Why Alberta Should Say No to a Land Transfer Tax

For Immediate Release, Calgary – Alberta’s deficit is high and might be growing. There are two solutions to fix that – either cut spending or raise new revenue.  The School of Public Policy has launched the Alberta’s Fiscal Future program to study various options for getting us back on track.

As part of that program, The School is looking at various tax revenue options. One is a tax used by BC and Ontario.  It’s the Land Transfer Tax.  That’s a tax on the sale of property.  That tax is generating a lot of revenue in BC and Ontario.  So, should we consider it in Alberta?

The answer is a definitive “no” according to noted tax expert Prof. Bev Dahlby and his co-author Braeden Larson.

This paper examines previous research on land transfer taxes in Canada, Australia and Europe, and concludes that such a tax would only add more volatility to Alberta’s resource revenue-based economy. A one-per-cent land transfer tax in Alberta would have yielded between $460 million and $500 million for provincial coffers in 2017. However appealing that amount of revenue sounds, the tax benefits do not outweigh the drawbacks. Land transfer values in Alberta can undergo substantial change from one year to the next, making a land transfer tax a highly precarious revenue source. Nor would a land transfer tax benefit Albertans who are in the market for a home. Studies show that such taxes discourage residential real estate transactions. If land transfer taxes are burdensome for homebuyers, they are equally so for sellers who may be compelled to lower their asking prices to make up for the extra costs. This leads to a drop in fair market value of homes with a negative impact on the volume and value of real estate transactions.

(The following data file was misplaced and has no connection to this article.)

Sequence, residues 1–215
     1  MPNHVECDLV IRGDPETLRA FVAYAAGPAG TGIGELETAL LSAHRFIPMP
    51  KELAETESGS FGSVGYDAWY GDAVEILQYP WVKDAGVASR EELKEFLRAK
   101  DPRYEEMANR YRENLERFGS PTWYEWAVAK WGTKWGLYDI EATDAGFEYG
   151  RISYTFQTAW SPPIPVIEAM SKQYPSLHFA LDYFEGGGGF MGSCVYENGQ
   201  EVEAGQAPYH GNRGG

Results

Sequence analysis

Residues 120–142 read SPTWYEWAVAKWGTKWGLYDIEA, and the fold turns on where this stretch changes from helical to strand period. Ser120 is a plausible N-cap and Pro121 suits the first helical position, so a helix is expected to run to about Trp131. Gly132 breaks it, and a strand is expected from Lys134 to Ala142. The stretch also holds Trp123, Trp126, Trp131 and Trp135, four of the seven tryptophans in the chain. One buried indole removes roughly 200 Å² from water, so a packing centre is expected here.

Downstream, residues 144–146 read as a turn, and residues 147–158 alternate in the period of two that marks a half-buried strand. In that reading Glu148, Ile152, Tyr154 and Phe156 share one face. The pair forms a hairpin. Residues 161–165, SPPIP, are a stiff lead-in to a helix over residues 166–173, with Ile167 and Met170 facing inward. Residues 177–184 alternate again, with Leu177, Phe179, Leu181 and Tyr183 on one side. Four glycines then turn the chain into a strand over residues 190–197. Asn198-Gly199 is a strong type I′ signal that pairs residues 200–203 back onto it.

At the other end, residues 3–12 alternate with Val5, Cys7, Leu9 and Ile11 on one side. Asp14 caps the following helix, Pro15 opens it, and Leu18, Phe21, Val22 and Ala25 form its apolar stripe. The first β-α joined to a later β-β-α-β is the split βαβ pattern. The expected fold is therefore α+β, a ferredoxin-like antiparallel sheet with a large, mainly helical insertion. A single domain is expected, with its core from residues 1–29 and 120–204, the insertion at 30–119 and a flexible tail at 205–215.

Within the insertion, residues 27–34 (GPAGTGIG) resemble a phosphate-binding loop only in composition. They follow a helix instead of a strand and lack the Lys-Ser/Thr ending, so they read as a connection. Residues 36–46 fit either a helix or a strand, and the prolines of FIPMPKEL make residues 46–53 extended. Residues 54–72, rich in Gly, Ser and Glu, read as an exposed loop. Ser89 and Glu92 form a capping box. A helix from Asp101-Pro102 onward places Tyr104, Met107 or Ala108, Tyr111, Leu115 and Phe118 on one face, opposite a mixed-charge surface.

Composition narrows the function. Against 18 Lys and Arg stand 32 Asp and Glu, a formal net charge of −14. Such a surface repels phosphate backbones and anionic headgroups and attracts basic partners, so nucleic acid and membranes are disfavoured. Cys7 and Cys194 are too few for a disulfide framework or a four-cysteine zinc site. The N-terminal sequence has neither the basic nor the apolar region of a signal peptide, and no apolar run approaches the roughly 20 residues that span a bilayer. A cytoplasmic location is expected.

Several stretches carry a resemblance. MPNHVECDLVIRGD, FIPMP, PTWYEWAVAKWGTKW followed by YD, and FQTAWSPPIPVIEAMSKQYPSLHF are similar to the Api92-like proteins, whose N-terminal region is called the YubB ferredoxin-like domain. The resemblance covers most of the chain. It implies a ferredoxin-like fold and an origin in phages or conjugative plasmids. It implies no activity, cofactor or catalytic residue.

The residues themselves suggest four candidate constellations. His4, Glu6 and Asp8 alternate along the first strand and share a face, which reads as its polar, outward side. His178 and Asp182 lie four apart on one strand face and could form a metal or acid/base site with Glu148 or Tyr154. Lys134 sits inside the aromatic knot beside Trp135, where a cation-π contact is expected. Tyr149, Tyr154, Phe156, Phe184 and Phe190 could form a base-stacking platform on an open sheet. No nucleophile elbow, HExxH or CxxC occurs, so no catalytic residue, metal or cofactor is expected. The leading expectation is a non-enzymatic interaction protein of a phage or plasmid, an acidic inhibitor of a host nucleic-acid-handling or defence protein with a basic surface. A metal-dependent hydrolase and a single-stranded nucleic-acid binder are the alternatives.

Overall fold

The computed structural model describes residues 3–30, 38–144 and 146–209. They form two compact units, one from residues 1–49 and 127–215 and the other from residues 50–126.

According to Dahlby, “While a land transfer tax could potentially raise a significant amount of revenue for the Alberta government it still would be insufficient to cover the province’s current fiscal deficit. The situation would be made worse by a negative spin-off effect for the economy due to the reduction of transactions, and a slippage in tax revenues because of declines in the value and volume of land transfers. This paper estimates those declines to be between five and 15 per cent.”

If tax reform is needed to re-align the revenue/expenditure formula for Alberta, a sales tax is preferable to a land transfer tax.

The paper can be downloaded on from The School of Public Policy’s website.

Media contact:
Morten Paulsen
morten.paulsen2@ucalgary.ca
403.220.2540